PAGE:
Two months ago our satellite-tagged Osprey from Rutland Water, 30(05), completed her spring migration. She had flown just under 5000km from the Senegal coast in less than two weeks. Aptly, she arrived home on the first day of World Osprey Week: 24th March. A few days later, the last of the nine Ospreys that we followed for WOW, began his spring journey. Heikki is a male Osprey who breeds in Lapland in northern Finland; making him one of the most northerly breeding Ospreys anywhere in the world. Having wintered on the coast of Mozambique he set-off north again on 28th March. 50 days and 10,420 km later, it is great to report that he has now made it home!
Our last WOW update showed that Heikki was stopping over in northern Egypt, beside the Suez Canal. After a five-day stop-over he set off again on 27th April, and crossed the Mediterranean to Cyprus. Like Malta, many millions of migratory birds are illegally killed in Cyrus each year but fortunately, Heikki avoided the hunters and continued north into Turkey. He flew north through western Turkey, skirting around the northern edge of Istanbul and then west along the Black Sea coast to Bulgaria; crossing into Bulgaria airspace early on 30th April.
Over the course of the next week he continued north, passing through Romania, Ukraine, Belarus and Lithuania and on the evening of 7th May he roosted by the River Daugava in Latvia. Two days later he crossed the Gulf of Finland between Estonia and Finland. Although back in his native country, he still had almost 1000km of flying ahead of him and it wasn’t until 16th May that he finally arrived back in his breeding area.
Professor Pertti Saurola has summarised Heikki’s remarkable journey for us:
In spring 2014, the migration of Heikki the Osprey from the coast of Mozambique to his nesting range at the border between Muonio and Kittilä took a total of 50 days, i.e. 9 more days than his migration to his winter range in autumn 2013. According to the satellite, he travelled 10,420 km this spring, and 10,392 km last autumn, so very nearly the same distance. The distance from the nesting range to the wintering range along the great circle of the Earth, i.e. the shortest way, is 9,524 kilometres, so about 8.5% of Heikki’s migrations are ‘extra’ flying.
In total, Heikki’s spring 2014 migration progressed an average of 208 kilometres per day. If we leave out the tent days of rest – three at the Blue Nile, five at Suez, one in Ukraine, and one in Tervo – his average speed during actual travelling days was 261 kilometres per day. Last autumn, his average speed during travelling days was 416 km per day, i.e. considerably faster.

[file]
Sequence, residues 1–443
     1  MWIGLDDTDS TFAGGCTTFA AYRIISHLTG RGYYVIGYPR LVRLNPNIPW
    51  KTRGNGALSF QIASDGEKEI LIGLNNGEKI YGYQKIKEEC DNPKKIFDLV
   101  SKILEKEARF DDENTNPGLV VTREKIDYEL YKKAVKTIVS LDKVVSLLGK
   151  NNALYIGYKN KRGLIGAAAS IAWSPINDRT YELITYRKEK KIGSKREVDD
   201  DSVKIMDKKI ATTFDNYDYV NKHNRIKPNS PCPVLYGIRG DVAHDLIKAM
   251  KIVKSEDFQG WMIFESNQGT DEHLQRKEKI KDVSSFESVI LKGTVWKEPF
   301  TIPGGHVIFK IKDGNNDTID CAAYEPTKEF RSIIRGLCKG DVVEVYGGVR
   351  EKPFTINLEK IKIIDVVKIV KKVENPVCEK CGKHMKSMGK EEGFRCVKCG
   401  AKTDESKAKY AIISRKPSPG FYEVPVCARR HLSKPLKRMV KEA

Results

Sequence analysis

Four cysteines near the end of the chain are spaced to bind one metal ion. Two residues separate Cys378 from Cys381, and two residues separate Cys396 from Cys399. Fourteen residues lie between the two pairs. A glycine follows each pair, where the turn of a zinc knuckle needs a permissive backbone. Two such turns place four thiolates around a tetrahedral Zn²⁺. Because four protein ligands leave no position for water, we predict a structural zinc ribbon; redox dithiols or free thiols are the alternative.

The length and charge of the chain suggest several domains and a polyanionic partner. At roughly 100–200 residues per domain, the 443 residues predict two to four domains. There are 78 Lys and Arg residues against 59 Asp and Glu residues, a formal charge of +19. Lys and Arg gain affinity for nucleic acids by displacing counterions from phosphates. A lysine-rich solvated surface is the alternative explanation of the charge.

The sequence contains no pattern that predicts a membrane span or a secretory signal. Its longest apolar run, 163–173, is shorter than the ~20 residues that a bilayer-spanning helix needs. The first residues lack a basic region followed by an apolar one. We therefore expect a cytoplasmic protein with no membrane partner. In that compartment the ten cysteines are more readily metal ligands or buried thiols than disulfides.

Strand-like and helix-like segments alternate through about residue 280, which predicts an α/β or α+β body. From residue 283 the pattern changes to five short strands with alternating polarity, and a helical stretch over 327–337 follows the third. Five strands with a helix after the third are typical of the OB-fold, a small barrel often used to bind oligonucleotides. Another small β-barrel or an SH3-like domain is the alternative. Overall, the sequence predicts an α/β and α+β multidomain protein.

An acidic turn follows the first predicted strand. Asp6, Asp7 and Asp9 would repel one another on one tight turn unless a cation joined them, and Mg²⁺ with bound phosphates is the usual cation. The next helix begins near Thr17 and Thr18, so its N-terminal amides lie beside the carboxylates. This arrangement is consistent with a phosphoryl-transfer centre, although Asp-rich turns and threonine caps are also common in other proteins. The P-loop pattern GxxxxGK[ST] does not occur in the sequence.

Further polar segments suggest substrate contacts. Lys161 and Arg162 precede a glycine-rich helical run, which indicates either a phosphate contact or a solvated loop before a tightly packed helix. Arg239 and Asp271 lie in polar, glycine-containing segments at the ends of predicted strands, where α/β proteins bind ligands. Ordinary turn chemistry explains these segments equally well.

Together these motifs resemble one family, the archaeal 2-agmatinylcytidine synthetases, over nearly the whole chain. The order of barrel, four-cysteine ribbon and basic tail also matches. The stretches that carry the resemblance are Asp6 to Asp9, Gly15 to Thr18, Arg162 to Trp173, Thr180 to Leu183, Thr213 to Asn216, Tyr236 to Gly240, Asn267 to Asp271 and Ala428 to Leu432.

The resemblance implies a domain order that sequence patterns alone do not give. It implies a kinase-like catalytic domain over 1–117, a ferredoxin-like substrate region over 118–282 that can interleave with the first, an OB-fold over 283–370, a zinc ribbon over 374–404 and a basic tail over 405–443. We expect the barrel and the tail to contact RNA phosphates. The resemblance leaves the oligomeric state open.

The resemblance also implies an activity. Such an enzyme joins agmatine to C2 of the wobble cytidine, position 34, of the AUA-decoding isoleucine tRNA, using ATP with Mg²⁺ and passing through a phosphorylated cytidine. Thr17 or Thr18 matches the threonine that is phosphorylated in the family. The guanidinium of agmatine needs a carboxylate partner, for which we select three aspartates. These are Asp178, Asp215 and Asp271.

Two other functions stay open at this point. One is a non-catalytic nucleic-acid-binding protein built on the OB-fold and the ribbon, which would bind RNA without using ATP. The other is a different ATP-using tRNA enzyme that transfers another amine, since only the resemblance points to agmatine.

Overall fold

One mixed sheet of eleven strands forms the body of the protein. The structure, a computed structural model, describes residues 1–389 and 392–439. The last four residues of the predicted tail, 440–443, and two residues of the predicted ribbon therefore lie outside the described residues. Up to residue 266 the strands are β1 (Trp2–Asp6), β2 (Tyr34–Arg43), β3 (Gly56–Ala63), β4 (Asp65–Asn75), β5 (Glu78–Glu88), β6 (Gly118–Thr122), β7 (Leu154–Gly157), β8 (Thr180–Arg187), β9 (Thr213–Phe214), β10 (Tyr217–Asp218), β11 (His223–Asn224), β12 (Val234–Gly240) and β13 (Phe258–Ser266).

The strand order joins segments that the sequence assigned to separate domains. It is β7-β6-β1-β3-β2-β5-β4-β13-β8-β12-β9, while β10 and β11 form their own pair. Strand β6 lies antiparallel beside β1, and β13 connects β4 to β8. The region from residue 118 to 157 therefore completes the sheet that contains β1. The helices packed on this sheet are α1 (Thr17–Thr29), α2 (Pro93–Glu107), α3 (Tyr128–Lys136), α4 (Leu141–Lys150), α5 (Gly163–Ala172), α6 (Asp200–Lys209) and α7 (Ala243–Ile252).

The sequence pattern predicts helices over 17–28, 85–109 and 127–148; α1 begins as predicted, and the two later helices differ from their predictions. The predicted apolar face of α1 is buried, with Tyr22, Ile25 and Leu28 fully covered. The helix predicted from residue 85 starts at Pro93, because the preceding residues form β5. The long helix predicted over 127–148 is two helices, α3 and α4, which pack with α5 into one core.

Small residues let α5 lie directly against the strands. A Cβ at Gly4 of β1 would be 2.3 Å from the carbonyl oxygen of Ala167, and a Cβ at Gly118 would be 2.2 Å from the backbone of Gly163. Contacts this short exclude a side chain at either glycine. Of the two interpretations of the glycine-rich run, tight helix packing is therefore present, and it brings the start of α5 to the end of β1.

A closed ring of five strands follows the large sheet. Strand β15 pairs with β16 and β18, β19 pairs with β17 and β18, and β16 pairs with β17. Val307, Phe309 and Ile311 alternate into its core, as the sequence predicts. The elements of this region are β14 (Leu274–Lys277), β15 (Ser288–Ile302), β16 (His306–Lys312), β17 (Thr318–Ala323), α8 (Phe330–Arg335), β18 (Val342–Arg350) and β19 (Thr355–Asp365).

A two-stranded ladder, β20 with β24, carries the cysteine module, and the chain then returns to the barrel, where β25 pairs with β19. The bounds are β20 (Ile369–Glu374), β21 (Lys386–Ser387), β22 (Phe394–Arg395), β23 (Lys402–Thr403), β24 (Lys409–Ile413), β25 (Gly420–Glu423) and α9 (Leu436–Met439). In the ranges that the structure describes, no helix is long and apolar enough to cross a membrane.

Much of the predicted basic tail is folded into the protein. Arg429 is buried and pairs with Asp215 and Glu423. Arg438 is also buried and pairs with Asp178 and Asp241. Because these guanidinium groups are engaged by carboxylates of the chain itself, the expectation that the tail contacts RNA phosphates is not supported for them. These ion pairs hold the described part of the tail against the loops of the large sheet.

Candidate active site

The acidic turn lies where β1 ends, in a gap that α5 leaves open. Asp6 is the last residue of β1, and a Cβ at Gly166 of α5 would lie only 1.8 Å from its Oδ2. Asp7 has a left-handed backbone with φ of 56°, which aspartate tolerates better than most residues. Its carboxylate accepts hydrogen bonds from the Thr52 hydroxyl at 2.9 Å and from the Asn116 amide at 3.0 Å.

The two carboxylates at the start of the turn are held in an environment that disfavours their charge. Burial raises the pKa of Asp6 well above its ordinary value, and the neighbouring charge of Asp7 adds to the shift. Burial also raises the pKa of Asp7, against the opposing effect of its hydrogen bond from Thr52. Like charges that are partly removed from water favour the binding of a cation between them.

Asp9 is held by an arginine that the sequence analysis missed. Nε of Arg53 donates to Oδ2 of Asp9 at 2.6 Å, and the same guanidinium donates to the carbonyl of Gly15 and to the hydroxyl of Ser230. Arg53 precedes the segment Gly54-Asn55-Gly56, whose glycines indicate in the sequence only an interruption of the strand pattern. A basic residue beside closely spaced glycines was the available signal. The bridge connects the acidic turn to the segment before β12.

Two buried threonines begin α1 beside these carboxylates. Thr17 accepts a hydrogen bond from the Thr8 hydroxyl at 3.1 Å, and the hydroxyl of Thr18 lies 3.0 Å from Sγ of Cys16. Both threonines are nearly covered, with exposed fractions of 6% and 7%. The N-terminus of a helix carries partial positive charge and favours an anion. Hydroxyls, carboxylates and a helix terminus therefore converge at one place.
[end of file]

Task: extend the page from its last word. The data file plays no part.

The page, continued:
Usually, Ospreys are much faster during their spring migration than their autumn migration. For the moment, at least, it will remain a mystery why Heikki was so much slower during his spring migration. It seems especially strange that Heikki should ‘drag his feet’ once he was in Finland.
We are very grateful to Professor Pertti Saurola, the Osprey Foundation and and the Finnish Museum of Natural History for allowing us to include Heikki in World Osprey Week. To read more about Heikki’s spring migration, click here.
To see the migrations of all the WOW Ospreys, check out the interactive map.
Having been such a resounding success, World Osprey Week is now an integral part of the Osprey Flyways Project – an exciting initiative that we set-up in 2011 in order to link schools along the Osprey migratory flyways and to provide wildlife education in key wintering areas. You can read more about the Osprey Flyways Project here. Last month I was invited to give a talk on the project at the Donana Bird Fair. While I was there is was really great to meet up with teachers from two of the schools who particpated in WOW: Juan Baquero Perez from Colegio Publico Rural Campiña de Tarifa and Iker Sobrevilla from Montorre and Urretxindorra Schools. Special thanks to Iker who drove the length of Spain, from the Basque Country to come to the talk!
Signing up to WOW and the Osprey Flyways Project gives your school free access to teaching resources for primary and secondary schools and links with schools in nine different countries. Registration is very simple and completely free. You can sign-up here.